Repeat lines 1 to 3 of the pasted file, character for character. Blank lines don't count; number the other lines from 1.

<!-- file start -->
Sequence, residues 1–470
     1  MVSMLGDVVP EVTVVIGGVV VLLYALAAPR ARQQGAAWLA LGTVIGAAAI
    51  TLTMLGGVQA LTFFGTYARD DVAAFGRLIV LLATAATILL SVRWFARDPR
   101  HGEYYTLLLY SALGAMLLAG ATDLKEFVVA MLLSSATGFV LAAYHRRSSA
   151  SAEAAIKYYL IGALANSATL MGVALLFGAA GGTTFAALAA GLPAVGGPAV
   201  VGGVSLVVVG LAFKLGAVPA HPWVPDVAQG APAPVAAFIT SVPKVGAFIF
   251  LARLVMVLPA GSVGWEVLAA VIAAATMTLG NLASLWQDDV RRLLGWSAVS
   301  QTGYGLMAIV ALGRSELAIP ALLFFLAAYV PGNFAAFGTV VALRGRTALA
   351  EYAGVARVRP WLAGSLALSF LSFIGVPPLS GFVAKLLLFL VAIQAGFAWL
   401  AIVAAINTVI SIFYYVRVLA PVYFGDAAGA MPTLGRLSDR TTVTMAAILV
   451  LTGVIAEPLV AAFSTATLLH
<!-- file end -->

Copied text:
Sequence, residues 1–470
     1  MVSMLGDVVP EVTVVIGGVV VLLYALAAPR ARQQGAAWLA LGTVIGAAAI
    51  TLTMLGGVQA LTFFGTYARD DVAAFGRLIV LLATAATILL SVRWFARDPR